African American Schools

Explore the evolution of African American education and school architecture in Washington by visiting nine schoolhouses. The tour begins with schools constructed after emancipation and concludes with a school that is nationally significant for its role in the U.S. Supreme Court case Bolling v. Sharpe, which was decided the same day as the four public school desegregation cases combined in Brown v. Board of Education.

Charles Sumner School

Sumner School is one of three post-Civil War black schools and is named in honor of Charles Sumner, a Massachusetts Senator and ardent abolitionist who attempted, unsuccessfully, to ban segregated schools and public facilities in city. Since its…

M Street High School (Perry School)

The M Street High School was one of the first high schools for black students constructed with public funds in the nation. The school represents an important benchmark in the development of education for Washington, D.C.'s black student…

Miner Normal School (Miner Building, Howard University)

The Miner Building is a large, three-story, symmetrically-massed Colonial Revival brick structure; it is prominently situated on a hillside on the east side of Georgia Avenue between Fairmont Street and Howard Place on the Howard University campus.…

Thaddeus Stevens School

Built in 1868, enlarged in 1885 and partially rebuilt and enlarged in 1895-1896, Stevens School is the oldest surviving elementary school in the District of Columbia still in its original use as an elementary school. Named after Pennsylvania…

Armstrong Manual Training School

The leader believed that "all forms of labor, whether with head or hand, are honorable" and Armstrong is the preeminent example of this educational movement in Washington, D.C. Armstrong is part of the cluster of traditionally black schools…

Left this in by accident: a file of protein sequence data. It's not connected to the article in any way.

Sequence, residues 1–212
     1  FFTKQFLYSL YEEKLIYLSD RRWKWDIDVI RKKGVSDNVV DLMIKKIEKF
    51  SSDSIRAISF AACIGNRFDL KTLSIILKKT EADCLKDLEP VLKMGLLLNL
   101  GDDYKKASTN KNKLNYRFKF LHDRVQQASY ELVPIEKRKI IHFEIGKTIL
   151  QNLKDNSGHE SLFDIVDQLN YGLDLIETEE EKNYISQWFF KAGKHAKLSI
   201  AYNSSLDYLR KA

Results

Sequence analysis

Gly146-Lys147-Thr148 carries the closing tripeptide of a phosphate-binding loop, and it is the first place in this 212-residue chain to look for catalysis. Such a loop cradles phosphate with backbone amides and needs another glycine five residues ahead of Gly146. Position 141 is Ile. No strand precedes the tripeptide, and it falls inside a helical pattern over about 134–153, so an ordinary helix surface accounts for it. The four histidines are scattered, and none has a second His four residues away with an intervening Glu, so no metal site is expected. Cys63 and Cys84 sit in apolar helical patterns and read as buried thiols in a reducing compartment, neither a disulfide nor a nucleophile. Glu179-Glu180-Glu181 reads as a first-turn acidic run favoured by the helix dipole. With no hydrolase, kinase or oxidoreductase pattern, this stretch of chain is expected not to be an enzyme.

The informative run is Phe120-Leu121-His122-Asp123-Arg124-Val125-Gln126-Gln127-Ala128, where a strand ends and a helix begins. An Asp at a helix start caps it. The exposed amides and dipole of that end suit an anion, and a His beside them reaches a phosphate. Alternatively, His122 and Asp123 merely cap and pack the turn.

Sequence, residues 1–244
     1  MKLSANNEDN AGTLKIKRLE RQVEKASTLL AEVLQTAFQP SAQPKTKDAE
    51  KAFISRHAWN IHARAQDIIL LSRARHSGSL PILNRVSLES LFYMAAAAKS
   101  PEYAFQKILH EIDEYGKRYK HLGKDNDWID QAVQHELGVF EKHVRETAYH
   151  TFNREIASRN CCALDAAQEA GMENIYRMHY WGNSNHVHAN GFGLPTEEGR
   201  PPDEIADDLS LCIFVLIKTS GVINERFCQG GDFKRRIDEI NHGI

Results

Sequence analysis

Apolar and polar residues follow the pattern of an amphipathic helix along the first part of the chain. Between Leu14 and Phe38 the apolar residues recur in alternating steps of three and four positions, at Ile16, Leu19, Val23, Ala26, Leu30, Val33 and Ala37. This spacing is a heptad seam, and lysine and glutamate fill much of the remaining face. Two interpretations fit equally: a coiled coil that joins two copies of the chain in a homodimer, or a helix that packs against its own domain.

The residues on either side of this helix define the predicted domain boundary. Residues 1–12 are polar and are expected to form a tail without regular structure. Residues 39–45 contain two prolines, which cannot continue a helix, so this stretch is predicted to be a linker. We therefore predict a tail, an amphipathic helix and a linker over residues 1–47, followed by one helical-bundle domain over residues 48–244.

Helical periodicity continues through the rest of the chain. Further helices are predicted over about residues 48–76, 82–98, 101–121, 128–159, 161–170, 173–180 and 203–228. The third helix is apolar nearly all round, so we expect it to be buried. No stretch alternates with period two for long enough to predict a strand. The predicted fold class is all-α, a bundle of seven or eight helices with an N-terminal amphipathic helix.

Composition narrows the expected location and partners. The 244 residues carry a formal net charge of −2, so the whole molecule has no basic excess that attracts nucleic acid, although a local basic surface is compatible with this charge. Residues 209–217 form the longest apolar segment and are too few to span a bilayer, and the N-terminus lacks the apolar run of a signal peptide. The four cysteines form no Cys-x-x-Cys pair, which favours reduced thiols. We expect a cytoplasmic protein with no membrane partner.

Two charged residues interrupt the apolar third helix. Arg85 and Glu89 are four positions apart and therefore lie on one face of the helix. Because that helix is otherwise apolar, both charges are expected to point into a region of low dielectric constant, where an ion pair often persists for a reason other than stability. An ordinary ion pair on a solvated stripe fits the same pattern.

Alexander Crummell School

The Alexander Crummell School (1910-11) is located in the Ivy City neighborhood at the intersection of Central and Gallaudet Streets, N. E. on 108,138 sq. ft. trapezoidal lot 142/22 in Square 4042. It is a free-standing building with generous level…

Military Road School

Originally situated under the protective watch of Fort Stevens, and now adjacent to the greensward of park lands connecting the Civil War forts, the school documents the presence of Washington's vanished refugee settlements and their dependence…

Central High School
(Cardozo Senior High School)

The city's largest and most elaborate high school was built 1914-1916 as the successor to Washington High School (opened 1882). It is the work of William B. Ittner, a nationally prominent school architect from Saint Louis. The Elizabethan style…

Joel Elias Spingarn Senior High School

Spingarn High School was built in 1951-1952 for the education of African American students. Spingarn was erected to relieve the overcrowding of the other segregated high schools and had been planned for that purpose since the late 1930s.…

John Philip Sousa Junior High School

The John Philip Sousa Junior High School is located on the northwest corner of Ely Place and Ridge Road in a residential section of southeast Washington, D.C. Built into a low slope, the brick and glass building sets a few feet back from Ely Place…